These protests and calls for justice provide an opportunity for systemic improvement, including in the school setting, which serves as a launching platform of students into society. The protests offer lessons from students to their school administration, he said.

“They are the ones out there showing us that, ‘Hey, we’re out here. We want this world to change,’” said Greene. “What I’m hearing is, ‘What are you going to do for us? What are you going to do to make sure that when we come back (to campus), things are different?’”

Conversations on campus

Since Floyd’s death last month, some districts across the U.S. have cut ties with local police departments, removing school resource officers from their schools.

Greene said Yakima School District is ready to have that conversation. He acknowledged that school resource officers would be part of a districtwide assessment of how the school system either perpetuates or eliminates prejudice, bigotry and discrimination.

“Just because you’re a police officer in a school does not inherently make you bad or good,” he said. “There are tremendous benefits in the way we can connect our law enforcement with students in a positive way, but there’s also tremendous potential for having a police department and police force in the school to perpetuate the same type of feelings and reinforce negative interactions that have occurred outside the school. … These are conversations we need to continue to have.”

He said the district also needed to create a way to get feedback from students on where the district was successful or failing as a system.

“You can’t really talk about inequity and changing the world … if we do not talk with students,” he said.

Equitable education

This comes after the school board approved an equity policy earlier this year. It commits the district to root out bigotry and prejudice.

Current events are a reminder this work needs to be a priority, he said. Acting on the policy should include providing culturally competent teaching and diversifying the workforce to be “more reflective of the ethnic and cultural composition of our student body,” said Greene.

Research suggests that students do better in school when their teachers are of the same race. A 2017 survey of more than 80,000 public school students found that students felt more cared for, more interested in their work and more confident in their teachers’ ability to communicate with them when they were of their race. They also said they put in more effort in school and had higher college goals.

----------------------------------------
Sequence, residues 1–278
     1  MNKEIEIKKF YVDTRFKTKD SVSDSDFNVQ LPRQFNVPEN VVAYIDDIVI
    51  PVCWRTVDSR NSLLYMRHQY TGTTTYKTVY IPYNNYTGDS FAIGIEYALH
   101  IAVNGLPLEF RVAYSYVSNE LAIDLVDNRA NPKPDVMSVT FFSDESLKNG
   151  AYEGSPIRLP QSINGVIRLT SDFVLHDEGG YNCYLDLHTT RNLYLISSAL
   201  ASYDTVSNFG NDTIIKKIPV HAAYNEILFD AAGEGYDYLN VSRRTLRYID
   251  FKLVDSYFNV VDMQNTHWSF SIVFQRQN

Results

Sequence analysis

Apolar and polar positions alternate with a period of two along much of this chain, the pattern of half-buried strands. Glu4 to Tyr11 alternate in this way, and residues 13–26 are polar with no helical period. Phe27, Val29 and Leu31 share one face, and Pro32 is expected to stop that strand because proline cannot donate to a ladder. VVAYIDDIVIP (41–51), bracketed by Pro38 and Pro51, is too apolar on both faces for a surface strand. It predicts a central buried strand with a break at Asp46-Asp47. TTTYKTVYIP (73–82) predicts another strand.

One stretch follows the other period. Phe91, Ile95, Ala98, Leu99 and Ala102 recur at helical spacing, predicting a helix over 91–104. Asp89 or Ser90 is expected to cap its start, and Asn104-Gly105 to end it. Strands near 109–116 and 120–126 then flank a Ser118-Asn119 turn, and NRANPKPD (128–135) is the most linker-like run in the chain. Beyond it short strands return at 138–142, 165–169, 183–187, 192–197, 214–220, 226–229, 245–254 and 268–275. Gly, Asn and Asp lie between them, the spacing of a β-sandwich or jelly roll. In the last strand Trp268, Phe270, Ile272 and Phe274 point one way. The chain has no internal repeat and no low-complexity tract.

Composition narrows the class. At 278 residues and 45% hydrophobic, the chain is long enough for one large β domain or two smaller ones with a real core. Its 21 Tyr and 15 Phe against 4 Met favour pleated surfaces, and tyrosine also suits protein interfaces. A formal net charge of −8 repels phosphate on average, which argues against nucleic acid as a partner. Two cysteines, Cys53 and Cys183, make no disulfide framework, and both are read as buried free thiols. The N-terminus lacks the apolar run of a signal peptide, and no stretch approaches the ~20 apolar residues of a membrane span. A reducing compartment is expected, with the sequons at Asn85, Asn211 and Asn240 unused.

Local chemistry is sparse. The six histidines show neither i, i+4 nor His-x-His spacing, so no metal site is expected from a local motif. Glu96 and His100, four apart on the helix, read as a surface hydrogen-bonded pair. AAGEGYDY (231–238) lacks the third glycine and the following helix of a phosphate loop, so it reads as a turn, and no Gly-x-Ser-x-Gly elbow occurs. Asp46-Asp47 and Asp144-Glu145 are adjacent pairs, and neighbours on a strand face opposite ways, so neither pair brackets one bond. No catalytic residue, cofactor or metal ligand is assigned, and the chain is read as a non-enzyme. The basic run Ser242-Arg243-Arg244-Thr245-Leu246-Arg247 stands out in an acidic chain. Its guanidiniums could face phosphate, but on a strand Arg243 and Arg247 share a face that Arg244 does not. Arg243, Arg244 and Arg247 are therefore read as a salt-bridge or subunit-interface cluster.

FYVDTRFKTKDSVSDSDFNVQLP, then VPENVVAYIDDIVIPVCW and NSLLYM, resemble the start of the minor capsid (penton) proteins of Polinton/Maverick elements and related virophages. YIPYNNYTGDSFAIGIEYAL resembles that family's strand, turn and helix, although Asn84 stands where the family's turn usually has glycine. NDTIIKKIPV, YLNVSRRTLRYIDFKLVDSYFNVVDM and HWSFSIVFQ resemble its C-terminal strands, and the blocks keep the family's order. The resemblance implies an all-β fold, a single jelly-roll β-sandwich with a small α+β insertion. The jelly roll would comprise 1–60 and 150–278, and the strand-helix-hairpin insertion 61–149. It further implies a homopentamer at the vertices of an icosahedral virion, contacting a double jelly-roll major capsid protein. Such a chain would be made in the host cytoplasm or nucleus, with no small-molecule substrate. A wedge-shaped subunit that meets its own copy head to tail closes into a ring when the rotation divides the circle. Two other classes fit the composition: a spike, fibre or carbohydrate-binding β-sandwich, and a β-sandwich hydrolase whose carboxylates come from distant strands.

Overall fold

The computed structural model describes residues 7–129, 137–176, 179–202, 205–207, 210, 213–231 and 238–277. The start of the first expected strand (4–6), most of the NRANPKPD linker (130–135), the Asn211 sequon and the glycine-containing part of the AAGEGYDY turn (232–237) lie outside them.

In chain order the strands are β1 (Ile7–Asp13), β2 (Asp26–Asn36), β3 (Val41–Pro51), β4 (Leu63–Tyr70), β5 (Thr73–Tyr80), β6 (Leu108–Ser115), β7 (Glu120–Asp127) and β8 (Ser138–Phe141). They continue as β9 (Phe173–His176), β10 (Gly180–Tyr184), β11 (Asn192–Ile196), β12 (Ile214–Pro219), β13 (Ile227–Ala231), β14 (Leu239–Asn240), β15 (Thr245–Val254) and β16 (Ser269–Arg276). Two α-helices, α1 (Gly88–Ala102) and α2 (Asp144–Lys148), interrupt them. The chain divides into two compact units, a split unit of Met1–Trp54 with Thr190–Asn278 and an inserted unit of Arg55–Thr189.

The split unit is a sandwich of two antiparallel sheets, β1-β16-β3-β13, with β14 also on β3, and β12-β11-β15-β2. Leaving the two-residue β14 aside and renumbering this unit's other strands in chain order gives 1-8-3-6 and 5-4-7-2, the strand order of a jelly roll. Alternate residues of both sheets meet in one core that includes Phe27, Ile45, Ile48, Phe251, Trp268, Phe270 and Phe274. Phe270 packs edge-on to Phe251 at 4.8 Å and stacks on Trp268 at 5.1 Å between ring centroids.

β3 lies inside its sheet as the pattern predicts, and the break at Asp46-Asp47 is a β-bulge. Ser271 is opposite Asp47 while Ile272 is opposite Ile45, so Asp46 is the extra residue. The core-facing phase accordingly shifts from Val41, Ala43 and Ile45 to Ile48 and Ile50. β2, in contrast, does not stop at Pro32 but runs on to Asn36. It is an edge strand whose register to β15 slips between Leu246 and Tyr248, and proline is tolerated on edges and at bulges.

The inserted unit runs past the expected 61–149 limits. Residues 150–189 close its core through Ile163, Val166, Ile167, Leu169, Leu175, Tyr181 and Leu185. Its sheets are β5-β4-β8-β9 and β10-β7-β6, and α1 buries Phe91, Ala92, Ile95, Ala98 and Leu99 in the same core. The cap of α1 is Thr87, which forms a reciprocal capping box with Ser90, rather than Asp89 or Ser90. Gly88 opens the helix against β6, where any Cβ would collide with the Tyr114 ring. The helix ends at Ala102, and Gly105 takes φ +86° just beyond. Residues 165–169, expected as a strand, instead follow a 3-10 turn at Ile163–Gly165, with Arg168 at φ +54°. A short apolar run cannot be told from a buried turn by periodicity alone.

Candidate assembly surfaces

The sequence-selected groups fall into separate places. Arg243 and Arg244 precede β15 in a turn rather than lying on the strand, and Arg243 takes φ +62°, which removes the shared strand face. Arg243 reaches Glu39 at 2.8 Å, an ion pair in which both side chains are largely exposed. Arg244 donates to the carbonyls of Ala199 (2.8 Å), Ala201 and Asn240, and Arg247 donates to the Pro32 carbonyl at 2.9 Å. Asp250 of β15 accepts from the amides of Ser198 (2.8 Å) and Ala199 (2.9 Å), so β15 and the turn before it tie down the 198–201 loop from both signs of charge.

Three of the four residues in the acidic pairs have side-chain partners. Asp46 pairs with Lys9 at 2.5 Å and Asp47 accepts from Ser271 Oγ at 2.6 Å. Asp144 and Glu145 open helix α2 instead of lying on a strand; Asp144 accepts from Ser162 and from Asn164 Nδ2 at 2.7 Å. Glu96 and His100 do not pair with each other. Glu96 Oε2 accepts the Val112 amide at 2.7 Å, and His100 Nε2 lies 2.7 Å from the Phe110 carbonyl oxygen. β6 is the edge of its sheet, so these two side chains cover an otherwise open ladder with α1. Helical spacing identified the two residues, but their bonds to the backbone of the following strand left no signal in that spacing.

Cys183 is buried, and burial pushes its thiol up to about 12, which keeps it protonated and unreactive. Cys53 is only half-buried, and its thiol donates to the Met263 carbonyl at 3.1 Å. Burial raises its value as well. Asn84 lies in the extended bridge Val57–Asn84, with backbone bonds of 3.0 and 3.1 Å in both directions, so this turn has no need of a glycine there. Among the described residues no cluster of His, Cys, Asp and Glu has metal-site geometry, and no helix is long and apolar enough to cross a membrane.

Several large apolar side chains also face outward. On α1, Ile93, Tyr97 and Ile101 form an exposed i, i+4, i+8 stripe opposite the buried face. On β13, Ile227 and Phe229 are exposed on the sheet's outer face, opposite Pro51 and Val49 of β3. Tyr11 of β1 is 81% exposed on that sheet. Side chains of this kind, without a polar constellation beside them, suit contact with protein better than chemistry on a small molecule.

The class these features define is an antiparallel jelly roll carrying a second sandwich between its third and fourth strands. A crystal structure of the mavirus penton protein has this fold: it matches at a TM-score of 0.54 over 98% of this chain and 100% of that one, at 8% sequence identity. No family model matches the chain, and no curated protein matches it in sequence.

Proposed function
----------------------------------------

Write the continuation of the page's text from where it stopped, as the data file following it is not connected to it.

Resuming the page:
In the Yakima School District, roughly three-fourths of the student body is Latino, while about three-fourths of teachers are white.

Greene said the district needs to provide more equitable access to learning opportunities, such as by improving access to the internet or devices.

While the district recently announced it intends to provide computer devices for all of its 16,000 students, surveys in recent years showed as many as two-thirds of students do not have internet access at home, according to district officials.

Greene said the changes won’t happen overnight, and discussions shouldn’t happen only when events like Floyd’s death stir public outrage.

“These are conversations we need to continue to have,” he said. He said he is committed to leading the district through positive change, not just acknowledging sadness over current events, which he called lip service.

“I feel that it’s critical at this time to not just make a statement, but to a large degree make a declaration and to put steps forward ... not because of what’s happening, but because it’s the right thing to do,” he said. “We are considering our entire system and the way that we either perpetuate or eliminate prejudice, bigotry, discrimination, and that’s going to require assessment throughout the (school) organization.”

Reach Janelle Retka at jretka@yakimaherald.com or on Twitter: @janelleretka